Mon. May 25th, 2020

Venice Review: ‘J’Accuse’, or Polanski at his Polanskiest

J’Accuse (Photo Credit: Biennale Venezia Cinema)

It’s never easy to talk about Roman Polanski and his films. Remember the old saying about separating the art from the artist? Forget that when it comes to the legendary French-Polish director. His personal history is too controversial to be pushed aside, to be removed. He raped a thirteen-year-old girl in 1977, a moral stain that still chases him wherever he goes. He cannot be condoned for what he did, even if a part of Hollywood did stand by his side during his legal battle with the US justice system. As a reviewer, my job is to analyze and judge his latest film, J’Accuse, presented today at the 2019 Venice Film Festival, and the positive opinion I give this film is strictly related to how I see him as a filmmaker, not as a person.

Yeah, J’Accuse. Polanski has dreamed of making this movie for decades. For a director so interested and almost fixated by stories of persecution, J’Accuse was, on paper, the quintessential Polanski movie, and it has also been speculated for years that a film based on the Affaire Dreyfus would be the director’s cinematic version of his own personal story. But what do we talk about when we talk about the Dreyfus Affair?

France will never forget the name of Alfred Dreyfus, born in Alsatia to Jewish parents. He was an artillery captain in the French army, and he’s the most famous scapegoat in the history of the country. Judged guilty of high treason, without evidence of being in cahoots with Germany, Alfred Dreyfus (Louis Garrel) was exiled on the then criminal colony of Devil’s Island, off the coast of the French Guiana. The country rejoiced: the traitor had been expelled. Only one person in the entire army raised doubts over Dreyfus’s guilt: it was Colonel George Picquart (Jean Dujardin). Promoted to chief of the Statistics Section of the Army’s Secret Service (an equivalent of a counterintelligence office), he starts to uncover the conspiracy that brought Dreyfus in disgrace, provoking an earthquake in the highest spheres of the French Republic.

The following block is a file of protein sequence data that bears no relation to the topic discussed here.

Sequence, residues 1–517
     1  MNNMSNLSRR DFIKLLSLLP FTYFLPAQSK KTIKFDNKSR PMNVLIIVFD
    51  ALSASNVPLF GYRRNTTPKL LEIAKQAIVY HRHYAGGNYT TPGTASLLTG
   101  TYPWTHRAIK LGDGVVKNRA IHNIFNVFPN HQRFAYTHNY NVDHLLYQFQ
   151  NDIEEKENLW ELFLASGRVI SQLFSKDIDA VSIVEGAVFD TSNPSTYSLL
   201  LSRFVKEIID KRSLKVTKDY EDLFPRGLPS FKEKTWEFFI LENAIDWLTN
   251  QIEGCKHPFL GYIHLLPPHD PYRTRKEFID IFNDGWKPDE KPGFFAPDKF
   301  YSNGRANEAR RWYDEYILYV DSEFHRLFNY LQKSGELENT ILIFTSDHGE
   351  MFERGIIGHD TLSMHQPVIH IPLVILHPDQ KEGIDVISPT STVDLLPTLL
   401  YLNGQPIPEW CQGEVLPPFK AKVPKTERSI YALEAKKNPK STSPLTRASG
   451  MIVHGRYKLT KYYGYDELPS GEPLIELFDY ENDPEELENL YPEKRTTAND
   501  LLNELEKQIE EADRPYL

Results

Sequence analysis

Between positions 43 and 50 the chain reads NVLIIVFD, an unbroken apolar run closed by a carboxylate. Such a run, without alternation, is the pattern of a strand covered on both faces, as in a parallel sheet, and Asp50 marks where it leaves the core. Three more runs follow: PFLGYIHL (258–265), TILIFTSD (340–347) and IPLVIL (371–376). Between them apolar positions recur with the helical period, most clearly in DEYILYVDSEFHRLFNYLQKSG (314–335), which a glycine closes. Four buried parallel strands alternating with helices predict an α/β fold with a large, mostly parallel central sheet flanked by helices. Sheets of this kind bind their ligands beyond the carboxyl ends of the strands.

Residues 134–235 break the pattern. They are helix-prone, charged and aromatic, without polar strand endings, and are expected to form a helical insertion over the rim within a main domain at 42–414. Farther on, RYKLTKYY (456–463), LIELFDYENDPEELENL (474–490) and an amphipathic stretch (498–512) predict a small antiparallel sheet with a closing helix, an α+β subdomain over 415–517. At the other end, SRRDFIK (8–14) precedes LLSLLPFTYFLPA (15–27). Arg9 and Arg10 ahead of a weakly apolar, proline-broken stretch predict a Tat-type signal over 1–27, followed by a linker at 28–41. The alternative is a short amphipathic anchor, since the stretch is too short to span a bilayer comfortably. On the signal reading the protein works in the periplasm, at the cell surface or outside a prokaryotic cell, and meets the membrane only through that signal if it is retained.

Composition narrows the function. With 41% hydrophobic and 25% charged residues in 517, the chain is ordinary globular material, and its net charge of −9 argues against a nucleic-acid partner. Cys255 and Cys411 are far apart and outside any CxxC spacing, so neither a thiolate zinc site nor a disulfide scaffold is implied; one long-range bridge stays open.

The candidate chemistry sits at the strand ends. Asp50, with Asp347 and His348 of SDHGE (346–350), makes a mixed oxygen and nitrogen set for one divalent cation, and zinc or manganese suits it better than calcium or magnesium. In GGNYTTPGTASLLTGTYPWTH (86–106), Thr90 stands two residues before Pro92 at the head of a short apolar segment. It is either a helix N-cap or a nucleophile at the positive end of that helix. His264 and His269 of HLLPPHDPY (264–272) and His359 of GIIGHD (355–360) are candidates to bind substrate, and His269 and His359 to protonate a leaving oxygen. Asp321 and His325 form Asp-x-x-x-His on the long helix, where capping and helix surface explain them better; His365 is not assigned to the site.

Roman Polanski has always been obsessed by conspiracies. His movies are about people fighting a system, a society and a world that repel them, that judge them and chew them up only to spit them out. The Dreyfus Affair is the natural conclusion of his body of work. Dreyfus and Picquart are two man against a system that wants to crush them, a country, their own country, that wants to devour them. Like Rosemary Woodhouse or Trelkowski, they fight against dark forces that want to control them, and they do it with such dignity that it’s hard not to root for them.

George Picquart’s biggest weapon in his dangerous investigation is skepticism. He lives in a country where people sing “Vive l’armée” along with the traditional chant of “Vive la République, vive la France”. Blind allegiance is required of army soldiers and officers. As stated by Major Henry in one of the most blood-chilling scenes of the film, it’s not his fault if he’s ordered to shoot the wrong person, as all he has to do is to heed orders from the generals, therefore he has no responsibility in the wrongful conviction of Dreyfus, simply because that’s what he had been told to do. This pervasive mentality in the French army is Picquart’s real enemy, and the toughest to take down: the code of silence is tough to crack, and he knows that spies are always around the corner: he works with them.

Polanski has always been a master of creating tension out of seemingly harmless circumstances, and J’Accuse follows up on his steps. In quite a few scenes, seemingly normal conversations grow increasingly menacing; frames always hide a corner of darkness; Desplat’s beautiful but slightly derivative ominous music erupts all of a sudden; onlooking characters observe from afar. Obsession and paranoia are at the center of Picquart’s daily life, and the character wouldn’t be as effective as it is if it wasn’t for the exceptionally commanding performance given by Jean Dujardin. Firmly standing on the shoulder of truth, Picquart is hellbent on exposing the conspiracy that tainted the French Republic, and he’s ready to go to unspeakable lengths for it. Dujardin’s Picquart is not without flaws, but he is essentially a man on a mission, a man of State against the State: he can move the air with an eyebrow, silence a room with a gesture and a word. In his battle against the corruption of the Republic, he finds his perfect companion in Louis Garrel’s Dreyfus, a figure of profound dignity and decency.

J’Accuse works both as a cautionary tale and as a reminder of a tragic past. Even when it goes occasionally overboard (the Stars of David on shop windows destroyed by stones are not an example of subtlety) with its intentions, and the script exceeds with expository dialog, the film’s fiery passion proves that Roman Polanski still has something to give to the film medium.

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